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http://dx.doi.org/10.3389/fimmu.2019.00527DOI Listing
http://www.ncbi.nlm.nih.gov/pmc/articles/PMC6440524PMC
August 2020

Evaluating the Accuracy of Imputation Methods in a Five-Way Admixed Population.

Front Genet 2019 5;10:34. Epub 2019 Feb 5.

DST-NRF Centre of Excellence for Biomedical Tuberculosis Research, South African Medical Research Council Centre for Tuberculosis Research, Division of Molecular Biology and Human Genetics, Faculty of Medicine and Health Sciences, Stellenbosch University, Cape Town, South Africa.

Genotype imputation is a powerful tool for increasing statistical power in an association analysis. Meta-analysis of multiple study datasets also requires a substantial overlap of SNPs for a successful association analysis, which can be achieved by imputation. Quality of imputed datasets is largely dependent on the software used, as well as the reference populations chosen. The accuracy of imputation of available reference populations has not been tested for the five-way admixed South African Colored (SAC) population. In this study, imputation results obtained using three freely-accessible methods were evaluated for accuracy and quality. We show that the African Genome Resource is the best reference panel for imputation of missing genotypes in samples from the SAC population, implemented via the freely accessible Sanger Imputation Server.
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http://dx.doi.org/10.3389/fgene.2019.00034DOI Listing
http://www.ncbi.nlm.nih.gov/pmc/articles/PMC6370942PMC
February 2019

A Sex-Stratified Genome-Wide Association Study of Tuberculosis Using a Multi-Ethnic Genotyping Array.

Front Genet 2018 18;9:678. Epub 2019 Jan 18.

DST-NRF Centre of Excellence for Biomedical Tuberculosis Research, South African Medical Research Council Centre for Tuberculosis Research, Division of Molecular Biology and Human Genetics, Faculty of Medicine and Health Sciences, Stellenbosch University, Cape Town, South Africa.

Tuberculosis (TB), caused by , is a complex disease with a known human genetic component. Males seem to be more affected than females and in most countries the TB notification rate is twice as high in males than in females. While socio-economic status, behavior and sex hormones influence the male bias they do not fully account for it. Males have only one copy of the X chromosome, while diploid females are subject to X chromosome inactivation. In addition, the X chromosome codes for many immune-related genes, supporting the hypothesis that X-linked genes could contribute to TB susceptibility in a sex-biased manner. We report the first TB susceptibility genome-wide association study (GWAS) with a specific focus on sex-stratified autosomal analysis and the X chromosome. A total of 810 individuals (410 cases and 405 controls) from an admixed South African population were genotyped using the Illumina Multi Ethnic Genotyping Array, specifically designed as a suitable platform for diverse and admixed populations. Association testing was done on the autosome (8,27,386 variants) and X chromosome (20,939 variants) in a sex stratified and combined manner. SNP association testing was not statistically significant using a stringent cut-off for significance but revealed likely candidate genes that warrant further investigation. A genome wide interaction analysis detected 16 significant interactions. Finally, the results highlight the importance of sex-stratified analysis as strong sex-specific effects were identified on both the autosome and X chromosome.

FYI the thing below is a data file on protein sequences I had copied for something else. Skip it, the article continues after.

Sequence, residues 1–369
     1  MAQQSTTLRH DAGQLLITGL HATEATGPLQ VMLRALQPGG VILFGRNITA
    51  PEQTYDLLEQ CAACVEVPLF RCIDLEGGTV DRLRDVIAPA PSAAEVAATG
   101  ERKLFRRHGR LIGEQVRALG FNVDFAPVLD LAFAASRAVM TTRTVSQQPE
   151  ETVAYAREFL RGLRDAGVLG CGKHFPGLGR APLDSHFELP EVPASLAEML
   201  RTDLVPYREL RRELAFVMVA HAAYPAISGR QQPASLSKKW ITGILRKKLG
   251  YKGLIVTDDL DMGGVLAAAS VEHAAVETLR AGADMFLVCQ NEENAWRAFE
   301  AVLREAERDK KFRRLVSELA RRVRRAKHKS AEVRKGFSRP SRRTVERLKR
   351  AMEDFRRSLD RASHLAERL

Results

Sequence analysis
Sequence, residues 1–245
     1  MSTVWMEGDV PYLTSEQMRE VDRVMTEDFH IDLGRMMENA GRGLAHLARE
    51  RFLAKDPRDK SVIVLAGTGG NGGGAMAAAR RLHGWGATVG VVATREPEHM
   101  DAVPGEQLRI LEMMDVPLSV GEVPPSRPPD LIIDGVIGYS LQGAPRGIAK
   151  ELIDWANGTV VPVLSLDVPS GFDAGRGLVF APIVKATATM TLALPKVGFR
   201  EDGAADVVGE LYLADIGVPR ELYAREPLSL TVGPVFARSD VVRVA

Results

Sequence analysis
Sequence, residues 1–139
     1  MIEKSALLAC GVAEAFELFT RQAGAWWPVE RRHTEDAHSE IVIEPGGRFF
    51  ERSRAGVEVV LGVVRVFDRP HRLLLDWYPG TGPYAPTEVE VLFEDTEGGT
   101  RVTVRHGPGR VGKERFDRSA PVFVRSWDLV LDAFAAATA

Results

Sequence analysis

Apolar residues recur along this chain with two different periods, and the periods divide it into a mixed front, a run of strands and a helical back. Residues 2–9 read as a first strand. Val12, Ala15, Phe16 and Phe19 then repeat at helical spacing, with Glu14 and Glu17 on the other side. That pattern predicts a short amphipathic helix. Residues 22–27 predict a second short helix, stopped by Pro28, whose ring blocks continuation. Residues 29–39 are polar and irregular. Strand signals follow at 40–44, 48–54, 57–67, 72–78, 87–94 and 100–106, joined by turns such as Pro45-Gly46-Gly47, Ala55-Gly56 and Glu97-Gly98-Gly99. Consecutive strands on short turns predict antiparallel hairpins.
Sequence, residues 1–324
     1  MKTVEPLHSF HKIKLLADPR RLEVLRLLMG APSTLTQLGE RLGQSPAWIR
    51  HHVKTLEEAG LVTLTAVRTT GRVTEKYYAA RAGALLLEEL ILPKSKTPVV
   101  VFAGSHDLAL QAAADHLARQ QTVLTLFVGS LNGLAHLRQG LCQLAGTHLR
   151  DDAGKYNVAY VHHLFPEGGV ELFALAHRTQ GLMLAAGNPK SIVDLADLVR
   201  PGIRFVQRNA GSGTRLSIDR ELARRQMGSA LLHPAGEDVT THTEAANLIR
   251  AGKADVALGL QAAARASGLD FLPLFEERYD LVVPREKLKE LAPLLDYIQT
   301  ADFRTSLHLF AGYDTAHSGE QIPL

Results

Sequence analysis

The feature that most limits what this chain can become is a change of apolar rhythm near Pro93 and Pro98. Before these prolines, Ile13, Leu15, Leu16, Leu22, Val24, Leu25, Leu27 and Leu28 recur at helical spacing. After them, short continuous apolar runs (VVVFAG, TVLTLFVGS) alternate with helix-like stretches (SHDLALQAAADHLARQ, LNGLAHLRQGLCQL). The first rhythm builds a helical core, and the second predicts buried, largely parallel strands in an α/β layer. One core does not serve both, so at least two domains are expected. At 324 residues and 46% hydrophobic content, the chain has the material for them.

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http://dx.doi.org/10.3389/fgene.2018.00678DOI Listing
http://www.ncbi.nlm.nih.gov/pmc/articles/PMC6346682PMC
January 2019

The X chromosome and sex-specific effects in infectious disease susceptibility.

Hum Genomics 2019 01 8;13(1). Epub 2019 Jan 8.

DST-NRF Centre of Excellence for Biomedical Tuberculosis Research, South African Medical Research Council Centre for Tuberculosis Research, Division of Molecular Biology and Human Genetics, Faculty of Medicine and Health Sciences, Stellenbosch University, Cape Town, South Africa.

The X chromosome and X-linked variants have largely been ignored in genome-wide and candidate association studies of infectious diseases due to the complexity of statistical analysis of the X chromosome. This exclusion is significant, since the X chromosome contains a high density of immune-related genes and regulatory elements that are extensively involved in both the innate and adaptive immune responses. Many diseases present with a clear sex bias, and apart from the influence of sex hormones and socioeconomic and behavioural factors, the X chromosome, X-linked genes and X chromosome inactivation mechanisms contribute to this difference. Females are functional mosaics for X-linked genes due to X chromosome inactivation and this, combined with other X chromosome inactivation mechanisms such as genes that escape silencing and skewed inactivation, could contribute to an immunological advantage for females in many infections. In this review, we discuss the involvement of the X chromosome and X inactivation in immunity and address its role in sexual dimorphism of infectious diseases using tuberculosis susceptibility as an example, in which male sex bias is clear, yet not fully explored.
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http://dx.doi.org/10.1186/s40246-018-0185-zDOI Listing
http://www.ncbi.nlm.nih.gov/pmc/articles/PMC6325731PMC
January 2019

Viruses as indicators of contemporary host dispersal and phylogeography: an example of feline immunodeficiency virus (FIV ) in free-ranging African lion (Panthera leo).

J Evol Biol 2018 10 25;31(10):1529-1543. Epub 2018 Jul 25.

Evolutionary Genomics Group, Department of Botany and Zoology, Faculty of Science, Stellenbosch University, Stellenbosch, South Africa.